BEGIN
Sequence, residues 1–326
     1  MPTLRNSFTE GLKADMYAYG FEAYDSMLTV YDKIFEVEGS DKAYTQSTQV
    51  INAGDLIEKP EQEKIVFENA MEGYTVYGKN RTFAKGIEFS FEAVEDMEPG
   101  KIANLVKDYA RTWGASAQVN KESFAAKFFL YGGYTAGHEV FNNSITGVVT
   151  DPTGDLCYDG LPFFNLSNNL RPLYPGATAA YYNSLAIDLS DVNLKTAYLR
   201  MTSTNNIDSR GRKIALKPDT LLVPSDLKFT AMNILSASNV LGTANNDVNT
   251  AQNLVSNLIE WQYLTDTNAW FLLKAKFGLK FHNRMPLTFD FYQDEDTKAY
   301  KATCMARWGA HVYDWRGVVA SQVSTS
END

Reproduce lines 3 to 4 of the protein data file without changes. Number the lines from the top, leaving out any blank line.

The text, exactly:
    51  INAGDLIEKP EQEKIVFENA MEGYTVYGKN RTFAKGIEFS FEAVEDMEPG
   101  KIANLVKDYA RTWGASAQVN KESFAAKFFL YGGYTAGHEV FNNSITGVVT